Preliminary investigation results on doomed Ethiopian Airlines Boeing 737 Max 8 plane discovered that the pilots followed Boeing required procedures, but could not control the flight, the Ethiopian government said on Thursday.
The Nairobi-bound Ethiopian Airlines Boeing 737 Max 8 crashed near Bishoftu town, about 45 kilometers from the capital, Addis Ababa, just minutes after taking off from Bole International Airport, killing all 157 people aboard.
“The crew performed all the procedures repeatedly provided by the manufacturer, but was not able to control the aircraft,” said Ethiopian Minister of Transport Dagmawit Moges.
The minister also noted that preliminary investigation results also revealed that the doomed aircraft “possessed a valid certificate of airworthiness, and the crew obtained the licenses and qualifications to conduct the flight.”
She also revealed that “the take-off role appeared very normal.”
In line with international rules on air accidents, the preliminary report did not attribute blame. Nor did it give a detailed analysis of the flight, which is expected to take several months before a final report due within a year.
According to Moges, two safety recommendations have been forwarded based on the initial information gathered during the course of the preliminary investigation.
“The first one is since repetitive un-commanded aircraft nose-down conditions are noticed in this preliminary investigation, it is recommended that the aircraft flight control system related to the flight control ability shall be reviewed by the manufacturer,” she said.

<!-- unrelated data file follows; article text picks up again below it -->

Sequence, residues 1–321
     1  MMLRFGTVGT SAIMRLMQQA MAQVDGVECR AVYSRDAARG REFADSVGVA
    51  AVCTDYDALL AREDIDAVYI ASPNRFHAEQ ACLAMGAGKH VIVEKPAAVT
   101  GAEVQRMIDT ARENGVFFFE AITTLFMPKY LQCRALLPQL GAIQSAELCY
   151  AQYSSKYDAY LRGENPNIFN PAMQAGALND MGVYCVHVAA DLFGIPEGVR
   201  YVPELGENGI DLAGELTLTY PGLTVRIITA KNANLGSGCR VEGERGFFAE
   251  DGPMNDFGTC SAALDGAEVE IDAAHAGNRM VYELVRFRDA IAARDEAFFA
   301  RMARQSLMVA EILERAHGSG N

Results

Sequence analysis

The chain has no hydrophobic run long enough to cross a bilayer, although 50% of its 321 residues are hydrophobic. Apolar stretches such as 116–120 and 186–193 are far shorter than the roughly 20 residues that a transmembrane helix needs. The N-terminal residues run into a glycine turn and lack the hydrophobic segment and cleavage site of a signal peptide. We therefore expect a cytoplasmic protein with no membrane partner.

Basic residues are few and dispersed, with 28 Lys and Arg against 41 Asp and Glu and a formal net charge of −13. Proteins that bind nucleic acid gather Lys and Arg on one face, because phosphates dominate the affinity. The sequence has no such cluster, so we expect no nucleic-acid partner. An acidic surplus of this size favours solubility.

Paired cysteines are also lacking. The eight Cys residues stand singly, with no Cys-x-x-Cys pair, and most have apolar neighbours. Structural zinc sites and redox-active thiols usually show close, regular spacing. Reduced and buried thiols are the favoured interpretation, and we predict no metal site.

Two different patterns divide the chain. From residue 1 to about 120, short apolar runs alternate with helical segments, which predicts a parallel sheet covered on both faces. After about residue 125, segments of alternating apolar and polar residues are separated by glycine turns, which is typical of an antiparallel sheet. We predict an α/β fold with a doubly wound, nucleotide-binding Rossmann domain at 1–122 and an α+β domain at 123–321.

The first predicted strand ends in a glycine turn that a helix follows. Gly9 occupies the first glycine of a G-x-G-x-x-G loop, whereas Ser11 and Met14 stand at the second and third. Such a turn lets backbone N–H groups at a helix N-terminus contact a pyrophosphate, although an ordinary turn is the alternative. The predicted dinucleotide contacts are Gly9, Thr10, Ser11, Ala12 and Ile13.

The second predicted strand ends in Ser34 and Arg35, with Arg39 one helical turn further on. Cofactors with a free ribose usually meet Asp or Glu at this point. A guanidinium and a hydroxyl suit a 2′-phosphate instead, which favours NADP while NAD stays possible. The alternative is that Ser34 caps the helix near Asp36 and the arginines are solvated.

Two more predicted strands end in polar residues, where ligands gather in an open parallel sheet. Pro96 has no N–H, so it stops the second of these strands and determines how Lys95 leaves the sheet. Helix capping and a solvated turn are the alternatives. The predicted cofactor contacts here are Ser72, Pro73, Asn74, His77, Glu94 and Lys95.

“And the second one is aviation authorities shall verify that the review of their aircraft flight control system related to flight control ability has been adequately addressed by the manufacturer before release of their aircraft to operations,” she added.
The preliminary investigation report was made on the basis of the data from the recorders of the doomed Boeing 737 Max 8.
The preliminary report into the Lion Air disaster said the pilots lost control after grappling with the plane’s manoeuvring characteristics augmentation system (MCAS) software, a new automated anti-stall feature that repeatedly lowered the nose of the aircraft based on faulty data from a sensor.
Boeing said on Wednesday it had successfully tested an update of the MCAS software designed to reduce its authority and make it easier for pilots to handle. REUTERS